The Importance of Being Earnest is to amuse.”
To what extent do you agree?
The Importance of Being Earnest was written by Oscar Wilde in 1894. It is a farcical comedy in which the main protagonists maintain a fictional persona to escape from social obligations, and keep it up throughout the play. It has also been known as ‘A Trivial
Comedy For Serious People’. The character of Jack Worthing has the persona of Ernest, who is his brother, whilst the character of Algernon Moncrieff has the persona of Bunbury, an invalid friend of Algernon’s. The play explores themes such as marriage and the satire of
Victorian ways, and addresses them in a comedic, yet serious way. The play is often viewed as a serious comedy due to the offensive nature of certain characters, such as Lady Bracknell who often says things such as: “To lose one parent, Mr Worthing, may be regarded as a misfortune; to lose both looks like carelessness.”, and the way certain situations, that are often considered to be serious, are dealt with. Wilde uses several comedic devices to create the humour that occurs throughout the play.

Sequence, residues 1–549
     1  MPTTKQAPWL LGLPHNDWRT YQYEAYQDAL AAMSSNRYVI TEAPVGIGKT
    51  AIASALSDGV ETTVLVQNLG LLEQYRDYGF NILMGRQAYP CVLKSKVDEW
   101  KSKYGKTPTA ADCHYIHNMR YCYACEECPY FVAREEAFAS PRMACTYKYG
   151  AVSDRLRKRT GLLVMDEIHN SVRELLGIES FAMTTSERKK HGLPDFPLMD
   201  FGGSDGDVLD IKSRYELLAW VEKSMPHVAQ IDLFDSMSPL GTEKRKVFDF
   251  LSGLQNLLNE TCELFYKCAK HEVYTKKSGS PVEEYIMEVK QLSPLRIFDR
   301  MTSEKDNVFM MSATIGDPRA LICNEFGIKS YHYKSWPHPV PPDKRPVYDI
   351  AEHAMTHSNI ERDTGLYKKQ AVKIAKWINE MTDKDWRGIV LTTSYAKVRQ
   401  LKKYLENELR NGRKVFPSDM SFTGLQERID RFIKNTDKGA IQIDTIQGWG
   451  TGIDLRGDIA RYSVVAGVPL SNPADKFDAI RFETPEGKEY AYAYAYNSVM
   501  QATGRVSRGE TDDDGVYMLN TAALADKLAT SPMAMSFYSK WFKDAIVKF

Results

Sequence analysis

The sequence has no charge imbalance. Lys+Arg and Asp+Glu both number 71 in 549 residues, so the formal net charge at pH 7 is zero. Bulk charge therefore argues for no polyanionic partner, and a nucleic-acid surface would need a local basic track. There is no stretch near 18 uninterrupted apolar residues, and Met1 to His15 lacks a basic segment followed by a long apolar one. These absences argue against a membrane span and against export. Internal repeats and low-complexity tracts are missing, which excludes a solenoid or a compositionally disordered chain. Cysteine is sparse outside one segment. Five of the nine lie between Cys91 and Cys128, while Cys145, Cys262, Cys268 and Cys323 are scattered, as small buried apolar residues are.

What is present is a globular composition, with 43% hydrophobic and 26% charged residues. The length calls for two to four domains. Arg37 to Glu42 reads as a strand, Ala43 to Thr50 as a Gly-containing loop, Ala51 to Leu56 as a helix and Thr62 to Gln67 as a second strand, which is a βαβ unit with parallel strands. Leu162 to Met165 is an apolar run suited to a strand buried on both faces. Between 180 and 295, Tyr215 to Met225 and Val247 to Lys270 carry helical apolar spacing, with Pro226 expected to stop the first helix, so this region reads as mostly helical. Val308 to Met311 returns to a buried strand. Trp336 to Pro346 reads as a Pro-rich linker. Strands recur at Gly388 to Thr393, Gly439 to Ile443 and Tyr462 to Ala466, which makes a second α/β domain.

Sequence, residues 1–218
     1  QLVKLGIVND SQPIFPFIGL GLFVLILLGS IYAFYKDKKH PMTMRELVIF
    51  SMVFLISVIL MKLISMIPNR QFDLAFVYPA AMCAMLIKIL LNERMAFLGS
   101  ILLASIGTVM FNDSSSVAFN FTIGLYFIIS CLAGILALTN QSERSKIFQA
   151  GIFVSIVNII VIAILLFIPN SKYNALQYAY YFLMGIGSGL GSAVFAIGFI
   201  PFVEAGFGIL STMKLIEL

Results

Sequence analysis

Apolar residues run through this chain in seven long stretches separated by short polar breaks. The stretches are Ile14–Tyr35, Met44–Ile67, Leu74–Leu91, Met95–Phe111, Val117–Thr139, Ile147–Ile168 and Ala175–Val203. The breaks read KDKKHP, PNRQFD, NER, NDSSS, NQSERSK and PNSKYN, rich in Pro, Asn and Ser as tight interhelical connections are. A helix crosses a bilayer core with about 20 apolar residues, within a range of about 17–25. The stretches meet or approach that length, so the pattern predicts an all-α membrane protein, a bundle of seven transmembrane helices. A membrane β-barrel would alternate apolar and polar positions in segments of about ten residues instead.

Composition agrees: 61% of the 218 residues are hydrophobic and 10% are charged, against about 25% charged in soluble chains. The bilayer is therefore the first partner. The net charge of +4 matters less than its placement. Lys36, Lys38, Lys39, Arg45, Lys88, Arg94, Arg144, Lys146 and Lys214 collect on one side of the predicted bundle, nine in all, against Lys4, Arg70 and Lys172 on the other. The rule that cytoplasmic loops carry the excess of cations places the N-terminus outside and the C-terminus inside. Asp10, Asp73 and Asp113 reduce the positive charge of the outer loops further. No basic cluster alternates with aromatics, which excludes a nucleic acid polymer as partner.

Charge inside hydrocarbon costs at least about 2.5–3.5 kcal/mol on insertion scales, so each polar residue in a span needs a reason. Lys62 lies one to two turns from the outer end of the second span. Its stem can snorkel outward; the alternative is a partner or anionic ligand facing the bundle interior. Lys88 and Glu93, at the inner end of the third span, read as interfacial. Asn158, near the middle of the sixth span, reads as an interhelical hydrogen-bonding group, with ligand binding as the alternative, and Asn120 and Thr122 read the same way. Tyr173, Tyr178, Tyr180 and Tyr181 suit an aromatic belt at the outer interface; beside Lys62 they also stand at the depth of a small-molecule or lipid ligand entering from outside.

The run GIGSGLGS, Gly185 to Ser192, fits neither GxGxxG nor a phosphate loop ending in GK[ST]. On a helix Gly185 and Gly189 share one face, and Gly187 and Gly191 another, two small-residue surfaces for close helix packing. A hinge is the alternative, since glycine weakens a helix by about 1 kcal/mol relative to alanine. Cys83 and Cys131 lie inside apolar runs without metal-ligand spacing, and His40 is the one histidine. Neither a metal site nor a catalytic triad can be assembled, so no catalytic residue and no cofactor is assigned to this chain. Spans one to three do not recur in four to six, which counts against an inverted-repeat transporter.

Wilde uses language devices, such as puns, irony and innuendos to create humour throughout each act. The main pun in the play is in the title. Being “Earnest” implies that you are being serious or sincere, which was a very important Victorian value. However, this was not the case in regards to the character of Jack Worthing, as Jack is anything but truthful, because of his alter-ego, Ernest. The character of Gwendolen is set on marrying a man who goes by the name of Ernest, no matter whether or not he is actually “earnest”. As seen in Act III, she is quick to forgive him for his past deceptions, purely because he does, in fact, have the name of Ernest. Another pun that creates humour is said by Lady Bracknell in
Act I: “To lose one parent, Mr Worthing, may be regarded as a misfortune; to lose both looks like carelessness.” In this situation,